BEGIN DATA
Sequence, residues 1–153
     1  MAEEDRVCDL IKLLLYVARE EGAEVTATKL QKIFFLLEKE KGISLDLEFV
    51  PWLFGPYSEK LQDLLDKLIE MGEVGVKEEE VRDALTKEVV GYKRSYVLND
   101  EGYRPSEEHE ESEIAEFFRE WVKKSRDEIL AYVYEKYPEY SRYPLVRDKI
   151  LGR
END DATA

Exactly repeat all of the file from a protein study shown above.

Sequence, residues 1–153
     1  MAEEDRVCDL IKLLLYVARE EGAEVTATKL QKIFFLLEKE KGISLDLEFV
    51  PWLFGPYSEK LQDLLDKLIE MGEVGVKEEE VRDALTKEVV GYKRSYVLND
   101  EGYRPSEEHE ESEIAEFFRE WVKKSRDEIL AYVYEKYPEY SRYPLVRDKI
   151  LGR